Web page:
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To: alt.magick.tyagi,alt.pagan,alt.religion.wicca,alt.magick
From: nagasiva@luckymojo.com (mordred)
Subject: Initiation Roles (Was Re: ETHICS: Fence-Straddlers)
Date: 4 Mar 1995 09:32:38 -0800

Kali Yuga 49950304

rbowman@reed.edu (Rain) writes:
|...commitment and identity.  Where does one draw one's personal lines, 
|and how?

Also, how can 'drawing personal lines' be a discipline/tool all in itself.
Another topic for another thread.


|For those of you in traditions where "apprenticeship" is for a year and
|a day, what becomes of the would-be initiate who would like to be in,
|but balks at the border?  If halfway into an initiation, they get cold
|feet, what do you do?  One can't really take them, but then what happens?

'A year and a day' is taken a little too literally for my tastes.  I tend
to interpret the statement to mean 'for as long as the relationship shall
be accepted by both individuals'.  Given this, I'll answer your question.
Initiation is, to me, not a ceremonial affair, though I've dabbled in a bit
of ceremony both within the context of magical groups and amongst my kin.

The only 'border' is some place beyond which the initiate will not go at
that time, and ceremony fairly requires absolute trust or a 'one shot
opportunity', especially if the contents of that ceremony are to become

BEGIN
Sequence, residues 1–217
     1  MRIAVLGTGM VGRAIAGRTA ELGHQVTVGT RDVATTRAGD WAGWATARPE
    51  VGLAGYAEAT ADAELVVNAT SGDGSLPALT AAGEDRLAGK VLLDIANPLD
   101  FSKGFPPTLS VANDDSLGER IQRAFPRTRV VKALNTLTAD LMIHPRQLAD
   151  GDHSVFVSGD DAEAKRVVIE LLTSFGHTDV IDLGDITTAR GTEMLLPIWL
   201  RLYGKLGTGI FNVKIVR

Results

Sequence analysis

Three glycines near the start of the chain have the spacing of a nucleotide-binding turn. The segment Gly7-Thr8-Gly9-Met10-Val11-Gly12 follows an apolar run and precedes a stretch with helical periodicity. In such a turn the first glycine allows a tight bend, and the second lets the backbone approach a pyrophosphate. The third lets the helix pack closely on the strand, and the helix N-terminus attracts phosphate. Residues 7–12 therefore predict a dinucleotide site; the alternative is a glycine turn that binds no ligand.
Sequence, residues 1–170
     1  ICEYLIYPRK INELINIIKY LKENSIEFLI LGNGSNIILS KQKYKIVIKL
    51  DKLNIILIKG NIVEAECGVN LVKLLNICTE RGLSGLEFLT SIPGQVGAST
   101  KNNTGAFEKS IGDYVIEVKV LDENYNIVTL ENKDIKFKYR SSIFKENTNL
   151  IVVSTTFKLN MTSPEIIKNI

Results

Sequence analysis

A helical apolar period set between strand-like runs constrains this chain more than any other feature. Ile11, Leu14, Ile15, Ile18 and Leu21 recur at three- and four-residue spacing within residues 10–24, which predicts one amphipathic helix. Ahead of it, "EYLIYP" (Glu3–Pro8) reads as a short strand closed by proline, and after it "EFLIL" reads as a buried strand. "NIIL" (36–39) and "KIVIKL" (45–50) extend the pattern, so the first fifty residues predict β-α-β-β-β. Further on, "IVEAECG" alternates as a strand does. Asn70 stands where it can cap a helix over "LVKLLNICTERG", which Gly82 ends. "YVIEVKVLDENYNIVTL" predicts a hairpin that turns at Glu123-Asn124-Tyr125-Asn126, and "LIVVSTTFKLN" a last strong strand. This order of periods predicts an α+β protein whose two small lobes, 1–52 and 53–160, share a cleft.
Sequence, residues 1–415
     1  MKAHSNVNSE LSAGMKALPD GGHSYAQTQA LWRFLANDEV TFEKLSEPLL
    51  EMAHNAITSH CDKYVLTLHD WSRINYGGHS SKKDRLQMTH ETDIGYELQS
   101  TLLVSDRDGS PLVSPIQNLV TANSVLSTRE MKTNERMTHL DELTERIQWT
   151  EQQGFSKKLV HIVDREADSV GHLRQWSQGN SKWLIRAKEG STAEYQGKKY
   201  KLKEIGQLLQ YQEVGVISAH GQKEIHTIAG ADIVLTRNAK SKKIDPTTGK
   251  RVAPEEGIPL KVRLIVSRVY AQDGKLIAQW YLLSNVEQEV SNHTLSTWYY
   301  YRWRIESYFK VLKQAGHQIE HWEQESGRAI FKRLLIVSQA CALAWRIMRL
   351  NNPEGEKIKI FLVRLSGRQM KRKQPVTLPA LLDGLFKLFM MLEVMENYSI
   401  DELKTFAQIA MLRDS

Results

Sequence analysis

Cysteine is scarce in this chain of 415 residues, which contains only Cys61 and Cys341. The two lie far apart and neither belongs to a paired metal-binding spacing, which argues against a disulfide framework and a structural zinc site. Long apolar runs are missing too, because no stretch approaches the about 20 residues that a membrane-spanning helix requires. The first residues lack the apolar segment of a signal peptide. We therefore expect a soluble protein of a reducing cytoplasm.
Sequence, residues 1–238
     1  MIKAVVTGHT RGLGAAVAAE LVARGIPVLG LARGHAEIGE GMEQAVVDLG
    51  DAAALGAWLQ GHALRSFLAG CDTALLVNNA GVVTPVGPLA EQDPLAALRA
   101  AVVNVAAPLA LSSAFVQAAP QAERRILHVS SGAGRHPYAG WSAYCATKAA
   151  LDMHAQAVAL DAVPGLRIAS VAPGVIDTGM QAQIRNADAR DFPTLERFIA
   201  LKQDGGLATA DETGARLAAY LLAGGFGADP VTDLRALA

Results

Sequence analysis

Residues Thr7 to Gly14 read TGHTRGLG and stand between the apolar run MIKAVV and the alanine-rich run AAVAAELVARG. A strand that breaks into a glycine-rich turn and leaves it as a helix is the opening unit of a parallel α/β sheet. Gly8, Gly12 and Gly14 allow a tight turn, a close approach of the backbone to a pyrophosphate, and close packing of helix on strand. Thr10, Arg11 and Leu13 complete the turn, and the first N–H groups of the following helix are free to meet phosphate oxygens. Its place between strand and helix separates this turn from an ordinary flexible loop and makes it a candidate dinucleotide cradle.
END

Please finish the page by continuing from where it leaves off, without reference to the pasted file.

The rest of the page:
the cement within the magical group itself.  Exposure to *some* of the
contents and a desire to eject will usually be taken as a sign of insuf-
ficient trust and usually 'rejected application', though not always.
Many groups base it upon intent and circumstance, allowing one or more
'retries' as long as there is incentive on the part of the *initiator*.

The way I'm seeing it now, wherever an initiate (and I rarely make such
distinctions within my environs, especially based on my initiative) feels
a need for a boundary then I will respect that as I'm able.  Personal
boundaries are very important to me, having had mine flexed and trampled
at various times in my life.  Within the kraft of wizardry, as I under-
stand it, each initiation is likely to be different and therefore there
is no problem with stopping and starting according to the needs of the
particular initiate provided that this does not violate the initiator.


|I'm assuming that one personally supports the person in their choice,
|then lets them have space and so forth, but what happens if they ask for
|initiation more than once, then balk?  Is there a limit to patience?

You are merely asking about each initiator's qualities, which will vary
tremendously, I think.  Patience is a scarce resource, and for this reason,
or perhaps because of it, patience is considered a virtue.


|...Has anyone had an experience of having
|such a person where after a while it seems like one is throwing  good money
|after bad?  Is this always a case of LaVey's "psychic vampirism?"

I don't tend to think in such black and white terms, though I do find that it 
is valuable to know my own boundaries and limitations and prevent continued
dependency where I am not willing to give.  LaVey's psychic vampirism is
based upon someone who *also never truly gives in return*.  While there are
definitely unbalanced relationships in which one person gives more than
another, this does not conform to LaVey's concept as I understand it.  The
individual in question must be absolutely manipulative, using us as a source
for some resource and intending no good will or exchange of any sort.

My impression is that part of the problem with 'defined assistance 
relationships' (guru/chela, initiator/initiate, therapist/client,
doctor/patient, etc.) is that there develops on the part of the person